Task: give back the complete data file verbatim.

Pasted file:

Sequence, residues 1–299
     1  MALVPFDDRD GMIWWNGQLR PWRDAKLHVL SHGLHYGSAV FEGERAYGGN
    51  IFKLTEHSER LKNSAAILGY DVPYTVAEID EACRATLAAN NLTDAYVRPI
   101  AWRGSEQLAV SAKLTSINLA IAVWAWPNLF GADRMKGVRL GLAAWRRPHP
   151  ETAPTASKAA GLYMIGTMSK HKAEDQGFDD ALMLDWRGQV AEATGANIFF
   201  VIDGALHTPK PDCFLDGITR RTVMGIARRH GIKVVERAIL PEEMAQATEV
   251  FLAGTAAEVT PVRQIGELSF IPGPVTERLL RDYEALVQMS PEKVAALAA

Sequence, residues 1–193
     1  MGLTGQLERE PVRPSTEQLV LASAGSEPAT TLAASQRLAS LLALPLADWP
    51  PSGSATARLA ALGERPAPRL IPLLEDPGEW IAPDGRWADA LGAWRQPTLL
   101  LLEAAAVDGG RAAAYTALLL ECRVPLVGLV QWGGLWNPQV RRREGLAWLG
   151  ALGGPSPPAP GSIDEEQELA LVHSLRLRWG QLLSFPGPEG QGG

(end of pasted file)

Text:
Sequence, residues 1–299
     1  MALVPFDDRD GMIWWNGQLR PWRDAKLHVL SHGLHYGSAV FEGERAYGGN
    51  IFKLTEHSER LKNSAAILGY DVPYTVAEID EACRATLAAN NLTDAYVRPI
   101  AWRGSEQLAV SAKLTSINLA IAVWAWPNLF GADRMKGVRL GLAAWRRPHP
   151  ETAPTASKAA GLYMIGTMSK HKAEDQGFDD ALMLDWRGQV AEATGANIFF
   201  VIDGALHTPK PDCFLDGITR RTVMGIARRH GIKVVERAIL PEEMAQATEV
   251  FLAGTAAEVT PVRQIGELSF IPGPVTERLL RDYEALVQMS PEKVAALAA

Sequence, residues 1–193
     1  MGLTGQLERE PVRPSTEQLV LASAGSEPAT TLAASQRLAS LLALPLADWP
    51  PSGSATARLA ALGERPAPRL IPLLEDPGEW IAPDGRWADA LGAWRQPTLL
   101  LLEAAAVDGG RAAAYTALLL ECRVPLVGLV QWGGLWNPQV RRREGLAWLG
   151  ALGGPSPPAP GSIDEEQELA LVHSLRLRWG QLLSFPGPEG QGG